In the short-term, the IANA transition will likely not affect your company’s day-to-day business or your personal use of the Internet. ICANN has been administering IANA for close to two decades. The Internet is not going to come crumbling down on October 1, 2016, but long-term, the potential impact of the IANA transition is more difficult to grasp or predict. Some proponents for the transition also argue that the risks to brand owners are the same in the ICANN system whether or not the transition goes through since the IANA contract itself is not the source of any rights protection policy matters.
However, in addition to the uncertainty around possible changes to existing policies on Rights Protection Mechanisms, the transition is creating uncertainty among some who believe that foreign governments will leverage the transition to gain more control over the future of IANA and ICANN. This concern is arguably validated by the increased percentage of ICANN Board member votes required to override GAC consensus advice from 50% pre-transition to 60% post-transition.
There are also concerns that certain governments may attempt to limit free speech on the Internet. For example, major social media outlets like Facebook and Twitter have committed to a European Commission initiative to combat so-called “illegal hate speech” online. In a parallel move, the Commission was able to push for and obtain a new human rights amendment to the ICANN bylaws which could ultimately affect policy in relation to Rights Protection Mechanisms as mentioned above and which could essentially put in place a more globalized definition of free speech where certain domain holders could be disqualified or “delisted” for refusing to curb “illegal hate speech” on their sites.
Others involved in the ICANN policy-making process advocate for expansion of free speech on the Internet by asserting an absolute right to anonymous online speech, (e.g. the Article 19 organization found at www.article19.org). Thus, information necessary to stop counterfeiters may become less accessible under the penumbra of “privacy rights.” Herein lies the greatest concern for brand owners and consumer advocates. In fact, ICANN’s policy-making body, the GNSO, has already headed down the path of giving access to “Whois” information only on a “need to know” basis in its current GNSO Registry Directory Services Policy Development Process. Naturally, this trend is alarming law enforcement authorities, consumer protection advocates, and trademark holders alike.
It is therefore argued that when the government gives up the “soft power” associated with the threat of not renewing the IANA contract, this arena could become a “free-for-all” with no enforceable consequences against counterfeit and criminal activity. ICANN argues, on the other hand, that all of these potential consequences are outside its limited mission and scope and that enforcement is up to government authorities and the private sector.
Sophisticated brand owners know that domain name enforcement has become more costly and expensive over the last few years via the proliferation of new gTLDs and proxy registration services that shield the identity of domain name registrants for a fee. When enforcement is necessary, brand owners must often rely on identifying information contained in Whois records to send a cease and desist letter or file a lawsuit. Without that identifying information, enforcement may become even more costly, or enforcement options may be limited to UDRP or Uniform Rapid Suspension (URS) proceedings. Thus, limitations on access to the Whois registrant data currently accessible to the public would damage the ability of brand owners to enforce trademark rights across the DNS, as would elimination of default judgment in UDRP proceedings.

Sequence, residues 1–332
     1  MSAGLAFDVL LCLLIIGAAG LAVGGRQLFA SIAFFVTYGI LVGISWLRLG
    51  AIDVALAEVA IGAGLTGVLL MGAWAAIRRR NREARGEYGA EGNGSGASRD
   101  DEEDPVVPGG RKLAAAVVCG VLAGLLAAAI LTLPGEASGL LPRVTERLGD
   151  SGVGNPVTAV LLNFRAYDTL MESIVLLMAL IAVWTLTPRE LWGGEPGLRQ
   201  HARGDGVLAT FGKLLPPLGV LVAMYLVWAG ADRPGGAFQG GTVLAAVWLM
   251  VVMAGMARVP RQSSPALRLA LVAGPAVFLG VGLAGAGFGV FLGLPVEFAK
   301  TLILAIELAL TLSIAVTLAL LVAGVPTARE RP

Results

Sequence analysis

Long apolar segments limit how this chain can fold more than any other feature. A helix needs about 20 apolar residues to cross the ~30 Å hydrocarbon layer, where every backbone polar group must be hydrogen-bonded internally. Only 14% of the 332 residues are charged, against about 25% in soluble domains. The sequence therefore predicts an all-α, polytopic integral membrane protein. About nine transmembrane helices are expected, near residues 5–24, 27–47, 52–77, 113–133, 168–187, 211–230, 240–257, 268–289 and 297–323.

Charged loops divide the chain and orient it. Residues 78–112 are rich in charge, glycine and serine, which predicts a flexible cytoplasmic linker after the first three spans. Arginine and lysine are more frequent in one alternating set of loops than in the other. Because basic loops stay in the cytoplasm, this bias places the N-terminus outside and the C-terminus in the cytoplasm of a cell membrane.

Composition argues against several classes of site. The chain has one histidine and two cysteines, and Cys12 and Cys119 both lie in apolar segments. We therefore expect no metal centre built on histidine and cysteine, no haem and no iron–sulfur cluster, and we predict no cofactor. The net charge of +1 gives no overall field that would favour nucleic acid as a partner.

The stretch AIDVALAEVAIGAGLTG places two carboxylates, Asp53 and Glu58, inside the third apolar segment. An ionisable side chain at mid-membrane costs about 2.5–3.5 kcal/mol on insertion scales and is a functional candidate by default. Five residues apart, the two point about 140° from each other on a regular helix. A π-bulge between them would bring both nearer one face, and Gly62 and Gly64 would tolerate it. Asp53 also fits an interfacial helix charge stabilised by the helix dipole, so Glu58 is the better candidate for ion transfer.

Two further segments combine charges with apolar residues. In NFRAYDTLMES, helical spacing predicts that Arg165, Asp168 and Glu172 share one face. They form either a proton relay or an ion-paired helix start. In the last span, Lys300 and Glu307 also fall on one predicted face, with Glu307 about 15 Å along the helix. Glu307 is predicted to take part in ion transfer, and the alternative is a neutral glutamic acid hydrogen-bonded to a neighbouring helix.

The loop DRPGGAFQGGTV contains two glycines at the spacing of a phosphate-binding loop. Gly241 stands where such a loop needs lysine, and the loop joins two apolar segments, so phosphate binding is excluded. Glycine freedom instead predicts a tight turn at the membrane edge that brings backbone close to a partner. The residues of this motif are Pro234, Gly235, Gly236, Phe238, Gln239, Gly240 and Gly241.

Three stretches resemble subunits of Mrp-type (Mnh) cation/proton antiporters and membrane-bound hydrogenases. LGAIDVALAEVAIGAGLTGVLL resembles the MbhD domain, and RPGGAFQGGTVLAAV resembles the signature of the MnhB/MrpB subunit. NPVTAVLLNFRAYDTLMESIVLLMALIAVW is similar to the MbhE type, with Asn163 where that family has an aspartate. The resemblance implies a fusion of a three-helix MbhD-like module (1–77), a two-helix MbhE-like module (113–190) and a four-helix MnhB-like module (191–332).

While some in Congress want to delay the IANA transition for further analysis, these representatives are unlikely to prevail since major hi-tech companies support the October 1 changeover. Thus, it appears clear that the DNS namespace will be shifting again, bringing uncertainty and unpredictability to the environment for rights holders. Moreover, the DNS is likely to encounter another big shift in the next few years, when some industry experts expect 10,000-15,000 applications to be filed in the next round of new gTLD applications. (To put that in perspective, 1,930 applications were filed in the prior round of new gTLD applications, which caused a panic among some brand owners.)
What Can You Do to Protect Your Company’s Rights in the DNS?
Therefore, leveraging defensive mechanisms for protection of trademarks in the DNS is more critical than ever, whether by developing and implementing a defensive domain name registration strategy, or by recording valuable trademarks with ICANN’s Trademark Clearinghouse (TMCH), which provides some benefits to mark owners, notably a notice of your registered trademark to third parties who seek to buy a domain name that matches it and a corresponding notice to you if the third party proceeds with that purchase. One defensive strategy we expect to gain in popularity is operation of .brand gTLDs by brands for the exclusive DNS home of their authorized websites, goods and services. Combined with a robust marketing strategy, or simply with use over time, consumers will come to understand that alleged brand offerings occurring outside the .brand gTLD are not authorized by the brand owner.
Lewis Roca Rothgerber Christie is a registered TMCH agent and is uniquely positioned to help your company navigate the ever-shifting landscape of the DNS using defensive mechanisms, by taking appropriate enforcement action when infringement occurs, and even by filing an application for a new .brand gTLD of your own. We are happy to answer any of your questions about protecting your trademarks and brands in cyberspace. For more information, contact Anne Aikman-Scalese or Nate Edwards.